Put the pieces of butter into the cups of your pan and preheat the pan in the oven for about 3-4 minutes, until the butter is melted. Watch it carefully so it doesn't brown too much or burn.

While the pan is in the oven, whisk the flour and shredded cheese into the egg mixture. (It is important that the cheese is fresh and very finely grated, otherwise it might keep the batter from rising.)

Bake at 450 until the puds are puffed and browned, and firm to the touch, about 15 minutes. Crack the oven door and turn it off - and leave the puddings in for five to ten minutes to dry out. Serve immediately, while hot and crisp. Makes 10 in a mini popover pan, or 6-7 in a muffin tin.

Monday, November 24, 2008

Sunday Supper 11.23.08 - A "Zuni Thanksgiving"

Sunday Supper 11.23.08
This past Sunday, we hosted a Sunday Supper at our house. Though it wasn't Thanksgiving just yet, we wanted to roast a turkey - so we decided to pretend as if it was. I decorated the table with some dusky pumpkins and squash that I picked up at Schaner Farms' stand at the Saturday Little Italy Mercato - along with this lovely little herb bouquet that I hung on the front door. (Schaner also sells at the Santa Monica Farmers Market in Los Angeles.)
Herbs from Schaner Farms
The party favors were little 2 piece boxes from Eclipse Chocolat containing one each of their Pomegranate Sage and Pumpkin Muscovado chocolates.
November 23 2008 090
Having used the Zuni method for roasting chicken many times with great success, I decided to try Judy Rogers' method for turkey, along with my own Thanksgiving-esque version of the Zuni Bread Salad. This was our menu:
Zuni Turkey - Sunday Supper 11.23.08

Sunday Supper
"Mock" Thanksgiving


Zuni-Style Roast Turkey
Bread Salad with Chestnuts, Bitter Greens and
Homemade Pork Sausage with Pepper and Sage.
Brussel Sprout Gratin
Roasted Cranberry Relish
2007 Sinister Hand

Pumpkin Tartlets with
Homemade Ginger Ice Cream
Kalyra Port

I bought the fresh turkey at Homegrown Meats, up in La Jolla and picked it up on Saturday morning. The Zuni method involves a dry brine, so I rubbed the salt over it and under the skin and pushed a few herbs under the skin and in the cavity. It dried out nicely and absorbed the salt, but I think an additional day of brining might have been beneficial. The method really recommends that the turkey spend a day or two in a bag, and then dry uncovered for a few hours.

The bird cooks upside down for 30 mins at 450, and is then flipped over to cook for about 3 more hours at 325. The result is succulent, crispy skinned and juicy, just like the chicken - and it looks just lovely with that bronzed skin. My only regret was that I cooked it a little too early - it finished at about 2:30 PM, and I had guests arriving at 4 - but I had to free up the oven for the bread salad and I needed the drippings in order to make it - so I didn't really have much choice in the matter. If you have two ovens (or even a larger oven) you won't have that problem.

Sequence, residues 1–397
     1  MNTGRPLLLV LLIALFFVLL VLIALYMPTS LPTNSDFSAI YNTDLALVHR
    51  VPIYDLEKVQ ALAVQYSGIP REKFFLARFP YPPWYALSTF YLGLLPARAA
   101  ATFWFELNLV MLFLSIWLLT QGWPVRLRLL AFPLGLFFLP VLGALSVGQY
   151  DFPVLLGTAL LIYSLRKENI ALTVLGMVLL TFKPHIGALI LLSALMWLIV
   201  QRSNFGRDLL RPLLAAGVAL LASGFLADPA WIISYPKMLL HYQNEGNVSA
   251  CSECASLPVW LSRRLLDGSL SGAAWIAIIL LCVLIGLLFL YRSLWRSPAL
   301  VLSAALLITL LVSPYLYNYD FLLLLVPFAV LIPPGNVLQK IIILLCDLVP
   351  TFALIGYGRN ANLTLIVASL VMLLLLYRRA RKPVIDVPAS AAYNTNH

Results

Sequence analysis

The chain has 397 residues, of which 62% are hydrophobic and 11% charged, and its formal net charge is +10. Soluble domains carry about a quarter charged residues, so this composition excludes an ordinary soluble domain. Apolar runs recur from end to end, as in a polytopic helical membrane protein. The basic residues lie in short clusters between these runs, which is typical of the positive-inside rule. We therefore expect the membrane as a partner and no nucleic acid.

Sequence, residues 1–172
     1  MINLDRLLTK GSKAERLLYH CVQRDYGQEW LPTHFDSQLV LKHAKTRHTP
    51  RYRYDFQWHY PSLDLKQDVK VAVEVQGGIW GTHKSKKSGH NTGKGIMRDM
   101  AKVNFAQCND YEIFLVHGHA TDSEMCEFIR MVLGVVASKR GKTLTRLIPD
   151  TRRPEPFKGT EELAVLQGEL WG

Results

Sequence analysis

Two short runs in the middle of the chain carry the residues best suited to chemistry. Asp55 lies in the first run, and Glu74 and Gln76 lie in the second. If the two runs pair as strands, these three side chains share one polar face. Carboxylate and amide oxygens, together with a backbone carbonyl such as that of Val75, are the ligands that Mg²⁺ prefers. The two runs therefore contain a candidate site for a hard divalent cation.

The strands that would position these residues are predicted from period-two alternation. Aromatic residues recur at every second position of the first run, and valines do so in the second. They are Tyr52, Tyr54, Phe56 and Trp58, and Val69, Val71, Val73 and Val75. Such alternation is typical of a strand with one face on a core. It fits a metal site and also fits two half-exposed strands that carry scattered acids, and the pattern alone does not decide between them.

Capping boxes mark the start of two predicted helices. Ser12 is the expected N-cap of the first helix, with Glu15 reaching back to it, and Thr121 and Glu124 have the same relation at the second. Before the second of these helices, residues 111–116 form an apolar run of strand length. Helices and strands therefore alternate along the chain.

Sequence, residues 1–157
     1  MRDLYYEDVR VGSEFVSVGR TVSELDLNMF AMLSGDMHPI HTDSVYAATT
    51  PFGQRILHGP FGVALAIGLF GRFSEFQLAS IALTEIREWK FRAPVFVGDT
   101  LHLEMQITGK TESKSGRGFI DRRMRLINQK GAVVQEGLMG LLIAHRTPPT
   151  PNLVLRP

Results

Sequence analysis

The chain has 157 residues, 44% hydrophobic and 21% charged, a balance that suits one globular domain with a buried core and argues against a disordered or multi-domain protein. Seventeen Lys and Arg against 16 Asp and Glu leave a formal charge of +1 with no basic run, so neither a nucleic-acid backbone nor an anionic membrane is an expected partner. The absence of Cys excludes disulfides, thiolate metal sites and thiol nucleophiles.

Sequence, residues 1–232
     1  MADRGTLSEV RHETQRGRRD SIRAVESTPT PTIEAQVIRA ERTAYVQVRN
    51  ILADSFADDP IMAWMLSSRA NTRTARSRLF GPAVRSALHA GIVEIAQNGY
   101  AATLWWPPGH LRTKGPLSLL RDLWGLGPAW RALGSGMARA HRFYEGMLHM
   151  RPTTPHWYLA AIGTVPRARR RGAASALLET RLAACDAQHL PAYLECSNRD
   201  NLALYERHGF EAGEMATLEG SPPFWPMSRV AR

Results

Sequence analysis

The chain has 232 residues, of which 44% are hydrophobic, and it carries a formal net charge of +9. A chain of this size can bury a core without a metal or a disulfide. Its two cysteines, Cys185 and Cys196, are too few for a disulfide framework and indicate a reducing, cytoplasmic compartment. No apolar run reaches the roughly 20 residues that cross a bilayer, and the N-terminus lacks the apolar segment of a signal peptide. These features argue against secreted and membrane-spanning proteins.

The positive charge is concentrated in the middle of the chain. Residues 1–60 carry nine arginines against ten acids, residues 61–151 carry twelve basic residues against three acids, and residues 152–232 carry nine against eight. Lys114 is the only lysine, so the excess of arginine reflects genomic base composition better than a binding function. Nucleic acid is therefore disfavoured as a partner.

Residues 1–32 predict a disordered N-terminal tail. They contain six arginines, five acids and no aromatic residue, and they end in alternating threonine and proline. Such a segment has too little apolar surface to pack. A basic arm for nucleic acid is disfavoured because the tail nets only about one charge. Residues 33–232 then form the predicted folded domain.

Bread Salad - Sunday Supper 11.23.08
For the bread salad, I made some homemade sausage with pepper and sage (which was delicious by itself and dead easy) which I cooked in a big skillet - then I sauteed the onion and some slivered celery in the drippings from that and added in the sliced chestnuts. I tossed the toasted bread cubes with vinegar, broth and pan drippings, added the sausage, celery and chestnuts, and put it the pan in the oven to warm. When that came out, I tossed it with Sage Mountain's baby spicy greens mix, and served it all up in a big salad bowl. Friends Jora and Angie helped out with decadent and delicious Brussel Sprout Gratin and miniature pumpkin tarts with spicy and creamy ginger ice cream. I also roasted some cranberries based on a recipe I found in Saveur.
Oyster - Sunday Supper 11.23.08
The oysters came from The Better Half Shell on a recommendation from Catalina Offshore Products. I was a little concerned about keeping them alive in the fridge for 24 hours, but I just put them on a towel lined half sheet pan tray and covered them with another wet towel. We had a bit of a scare when we pulled them out and the towels were frozen - but luckily they were still kicking underneath. Thanks to Candice for coming over and being our designated shucker - she did an amazing job, and James was even able to get in there and learn how to do it for the next party.
James shucking oysters - Sunday Supper 11.23.08
One of my favorite things about this supper was the fact that it started so early - at 4 PM. It was wonderful to enjoy the company of friends and a full meal (after dark) and still have the kitchen cleaned by 8 PM - and I'm sure our friends found it just as refreshing to get home before midnight!

Here are the recipes:

Zuni-fied Dry Brined Roast Turkey (aka The Judy Bird)
adapted from the LA Times and the Zuni Cafe Cookbook

1 12-18 pound turkey (I cooked a 16 pounder from Homegrown Meats)
1 cup of kosher salt (it does have to be kosher)